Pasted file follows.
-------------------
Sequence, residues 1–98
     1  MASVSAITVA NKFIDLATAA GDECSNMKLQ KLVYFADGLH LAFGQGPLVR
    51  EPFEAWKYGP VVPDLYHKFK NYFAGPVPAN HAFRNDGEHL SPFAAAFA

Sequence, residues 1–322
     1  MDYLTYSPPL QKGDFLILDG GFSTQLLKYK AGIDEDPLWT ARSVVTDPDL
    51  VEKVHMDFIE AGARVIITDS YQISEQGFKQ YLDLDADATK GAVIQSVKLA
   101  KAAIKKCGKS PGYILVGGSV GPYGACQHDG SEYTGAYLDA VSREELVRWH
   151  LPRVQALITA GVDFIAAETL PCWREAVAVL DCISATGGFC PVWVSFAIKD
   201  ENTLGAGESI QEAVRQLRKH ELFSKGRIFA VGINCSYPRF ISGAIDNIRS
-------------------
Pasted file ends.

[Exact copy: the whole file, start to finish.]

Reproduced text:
Sequence, residues 1–98
     1  MASVSAITVA NKFIDLATAA GDECSNMKLQ KLVYFADGLH LAFGQGPLVR
    51  EPFEAWKYGP VVPDLYHKFK NYFAGPVPAN HAFRNDGEHL SPFAAAFA

Sequence, residues 1–322
     1  MDYLTYSPPL QKGDFLILDG GFSTQLLKYK AGIDEDPLWT ARSVVTDPDL
    51  VEKVHMDFIE AGARVIITDS YQISEQGFKQ YLDLDADATK GAVIQSVKLA
   101  KAAIKKCGKS PGYILVGGSV GPYGACQHDG SEYTGAYLDA VSREELVRWH
   151  LPRVQALITA GVDFIAAETL PCWREAVAVL DCISATGGFC PVWVSFAIKD
   201  ENTLGAGESI QEAVRQLRKH ELFSKGRIFA VGINCSYPRF ISGAIDNIRS